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Economics focus: Tax revenues and Scottish independence

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Tax is always a hot political issue but the tax revenues from North Sea oil and gas will be very important in the Scottish referendum on 18 September. Scotland needs North Sea taxes to close the gap between other revenues and spending. The latest evidence suggests that prospects for these revenues are significantly poorer than was hoped

Tax often features prominently in election campaigns. Who can forget Labour’s 1979 claim that the Conservatives would double VAT (which they almost did), or later efforts such as ‘Labour’s tax bombshell’ or ‘Labour’s double whammy’? If there is a pattern to these things, it is usually that Labour focuses on planned spending cuts by the Conservatives, while the Tories highlight what they say are Labour’s likely tax hikes. We may see more of this as the election approaches, with Ed Miliband committed to raising the top rate of income tax to 50% and said to be mulling over a tax hike targeted at increasing NHS spending. These things matter, though voters tend to take pre-election claims by political parties, particularly about their opponents’ intentions, with a pinch of salt.

Sometimes, however, tax matters a very great deal, and it matters hugely as far as the Scottish referendum vote is concerned. The Scottish campaign, ahead of the vote on 18 September, is clearly important for Scotland, and the rest of the UK. A few days ago, the Treasury released figures showing that corporation tax revenues from North Sea oil and gas production fell from £4.4bn in 2012/13 to £3.6bn in 2013/14. They were, said Danny Alexander, the Treasury chief secretary, ‘another body blow to Alex Salmond’s credibility on the economy and public services’.

That may be overstating it. But those North Sea oil and gas revenues, of which corporation tax receipts are only a part, are hugely important for Scotland. Let me set out the figures, taken from the Scottish government’s Government expenditure and revenue Scotland publication. The figures only go up to 2012/13 – the next scheduled publication is in March 2015 – but they tell the story well. In 2012/13, Scotland’s non-North Sea revenues, its so-called onshore revenues, totalled £47.6bn. Scotland’s public expenditure in that same year was £65.2bn, nearly 40% more.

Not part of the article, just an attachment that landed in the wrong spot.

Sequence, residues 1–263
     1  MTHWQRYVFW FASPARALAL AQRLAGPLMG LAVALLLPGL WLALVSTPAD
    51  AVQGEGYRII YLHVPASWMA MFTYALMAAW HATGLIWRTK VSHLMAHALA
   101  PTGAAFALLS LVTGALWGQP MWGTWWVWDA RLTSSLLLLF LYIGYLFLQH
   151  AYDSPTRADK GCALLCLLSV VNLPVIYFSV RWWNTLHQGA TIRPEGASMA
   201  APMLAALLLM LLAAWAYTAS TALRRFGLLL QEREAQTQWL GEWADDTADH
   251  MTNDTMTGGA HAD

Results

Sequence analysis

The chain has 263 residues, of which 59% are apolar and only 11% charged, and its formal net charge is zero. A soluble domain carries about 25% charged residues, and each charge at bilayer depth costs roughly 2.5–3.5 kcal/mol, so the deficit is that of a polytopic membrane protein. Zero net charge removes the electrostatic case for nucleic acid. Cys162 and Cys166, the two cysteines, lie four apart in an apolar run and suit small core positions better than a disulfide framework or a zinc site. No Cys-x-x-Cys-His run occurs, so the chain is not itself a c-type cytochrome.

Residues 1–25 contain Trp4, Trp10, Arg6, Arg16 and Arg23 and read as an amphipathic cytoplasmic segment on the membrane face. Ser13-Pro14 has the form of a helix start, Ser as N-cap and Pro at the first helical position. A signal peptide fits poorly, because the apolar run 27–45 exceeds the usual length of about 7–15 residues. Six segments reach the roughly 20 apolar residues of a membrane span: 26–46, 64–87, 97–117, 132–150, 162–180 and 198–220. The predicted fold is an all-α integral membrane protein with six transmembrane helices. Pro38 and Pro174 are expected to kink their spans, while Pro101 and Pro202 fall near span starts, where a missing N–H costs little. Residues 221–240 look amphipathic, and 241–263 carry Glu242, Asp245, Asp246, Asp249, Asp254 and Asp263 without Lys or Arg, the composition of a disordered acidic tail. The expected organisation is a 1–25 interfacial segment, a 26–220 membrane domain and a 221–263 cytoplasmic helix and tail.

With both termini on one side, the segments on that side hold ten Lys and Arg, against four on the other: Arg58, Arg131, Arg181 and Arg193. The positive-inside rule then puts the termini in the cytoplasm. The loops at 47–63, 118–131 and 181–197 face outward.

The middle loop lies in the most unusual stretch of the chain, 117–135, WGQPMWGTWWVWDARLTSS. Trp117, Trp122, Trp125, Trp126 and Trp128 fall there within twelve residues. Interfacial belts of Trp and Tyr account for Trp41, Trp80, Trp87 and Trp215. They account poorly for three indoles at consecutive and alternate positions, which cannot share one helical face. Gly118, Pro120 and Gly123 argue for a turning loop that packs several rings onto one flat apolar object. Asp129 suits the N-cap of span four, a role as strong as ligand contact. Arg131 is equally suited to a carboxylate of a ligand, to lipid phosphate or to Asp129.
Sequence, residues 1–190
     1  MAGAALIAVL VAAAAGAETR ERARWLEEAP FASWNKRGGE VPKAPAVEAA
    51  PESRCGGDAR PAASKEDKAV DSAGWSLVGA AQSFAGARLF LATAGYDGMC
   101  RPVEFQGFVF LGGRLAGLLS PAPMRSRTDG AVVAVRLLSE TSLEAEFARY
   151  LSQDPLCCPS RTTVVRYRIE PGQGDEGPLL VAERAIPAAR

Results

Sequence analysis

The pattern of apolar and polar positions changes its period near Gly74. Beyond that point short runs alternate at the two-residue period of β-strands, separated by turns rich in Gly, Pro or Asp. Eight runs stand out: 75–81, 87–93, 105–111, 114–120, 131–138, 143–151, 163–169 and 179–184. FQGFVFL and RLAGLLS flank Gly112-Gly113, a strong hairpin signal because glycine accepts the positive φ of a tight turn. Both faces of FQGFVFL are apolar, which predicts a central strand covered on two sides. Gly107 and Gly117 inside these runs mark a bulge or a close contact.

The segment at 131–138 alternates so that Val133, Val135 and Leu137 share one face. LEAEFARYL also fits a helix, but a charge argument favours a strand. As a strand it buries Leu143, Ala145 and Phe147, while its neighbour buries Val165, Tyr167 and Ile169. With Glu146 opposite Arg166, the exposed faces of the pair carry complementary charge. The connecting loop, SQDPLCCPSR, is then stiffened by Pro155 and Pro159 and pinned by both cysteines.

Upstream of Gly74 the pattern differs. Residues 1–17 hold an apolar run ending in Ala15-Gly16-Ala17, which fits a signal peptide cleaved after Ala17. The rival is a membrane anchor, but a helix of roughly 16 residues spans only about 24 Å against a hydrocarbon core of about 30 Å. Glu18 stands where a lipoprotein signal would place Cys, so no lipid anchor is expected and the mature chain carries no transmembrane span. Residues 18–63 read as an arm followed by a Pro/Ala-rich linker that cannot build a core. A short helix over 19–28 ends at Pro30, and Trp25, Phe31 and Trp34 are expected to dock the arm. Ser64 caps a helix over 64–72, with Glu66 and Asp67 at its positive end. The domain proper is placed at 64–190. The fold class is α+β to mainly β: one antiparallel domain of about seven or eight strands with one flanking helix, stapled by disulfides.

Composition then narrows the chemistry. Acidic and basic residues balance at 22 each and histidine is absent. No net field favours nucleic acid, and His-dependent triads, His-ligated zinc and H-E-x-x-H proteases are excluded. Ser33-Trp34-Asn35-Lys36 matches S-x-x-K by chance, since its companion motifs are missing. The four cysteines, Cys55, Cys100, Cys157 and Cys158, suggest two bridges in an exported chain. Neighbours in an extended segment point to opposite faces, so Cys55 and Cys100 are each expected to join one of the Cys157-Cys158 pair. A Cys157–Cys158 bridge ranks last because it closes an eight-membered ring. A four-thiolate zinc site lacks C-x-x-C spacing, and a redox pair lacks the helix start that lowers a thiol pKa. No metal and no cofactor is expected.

The UK as a whole spends more than it generates in tax, but onshore Scotland does so dramatically. Without North Sea revenues, its budget deficit in 2012/13 would have been 14% of gross domestic product, almost double the overall UK deficit of 7.3% of GDP. Scotland, however, does have oil, and on the basis of a so-called geographic share of North Sea production (Scotland gets the revenues from what would be in its territorial waters), oil and gas taxation helps close the budgetary gap. But those taxes only raised £5.6bn in 2012/13, leaving Scottish tax revenues still well short of its expenditure. It would, in fact, have a budget deficit of 8.3% of GDP, still larger than the overall UK deficit of 7.3%. 2012/13 was a bad year and, though we do not yet have a breakdown of the full figures, it seems likely that the total North Sea revenues in 2013/14, and thus the amount that an independent Scotland could get, will be even lower.

The independence vote is thus being held at a time when North Sea revenues, which are very important for Scotland, are very weak. North Sea oil and gas production is running at around a third of its peak, which was reached 15 years ago in 1999. Oil prices remain quite high, at close to $100 a barrel, but production costs have risen sharply. The result is that the North Sea has ceased to be a cash cow, and is highly unlikely to be one in the foreseeable future.

Looking ahead

According to the Office for Budget Responsibility (OBR), total North Sea revenues will be £3.7bn in 2014/15, followed by £3.8bn, £3.2bn, £3.4bn and £3.5bn in the following four years. An independent Scotland’s share of that will average out to a little over £3bn a year, not much more than half of its 2012/13 revenues. Scotland, as noted, has a big gap between its onshore tax revenues and its public spending. North Sea taxes will not contribute much to closing that gap. If the Scots do vote ‘yes’, it will be in the hope that the weakness in North Sea revenues is only temporary and that a wave of investment will push up production and revenues in future.

That, however, looks highly unlikely, given the sharp trend decline in North Sea production and the fact that the easier oil – from the big fields – was extracted in the past. Again, the OBR had something important to say on this when it published its recent Fiscal sustainability report, which looks at Britain’s long-term public finances. This really was a body blow to the economics of independence and Robert Chote, the OBR chairman, wrote to the Scottish Parliament to explain the new findings.

He noted that North Sea revenues had consistently come in below forecasts and that North Sea production has declined by an average of 7.8% a year since 1999. Accepting that this fall would level off over the next few years, before resuming its decline at a slower average rate of 5% a year, the OBR estimates North Sea revenues over the period 2019/20 to 2040/41 to be £39.3bn, £13.6bn lower than it expected in its long-term projections a year earlier.

The new forecasts brought predictable accusations of a political fix from Scottish nationalists. Only time will tell whether the OBR has got it right. But think about these numbers. The OBR’s new numbers suggest oil and gas revenues of less than £2bn a year, but even the old forecast would have meant only £2.5bn a year. An independent Scotland cannot rely on the North Sea to fill the gap between its taxation and spending. It is not clear what will fill that gap.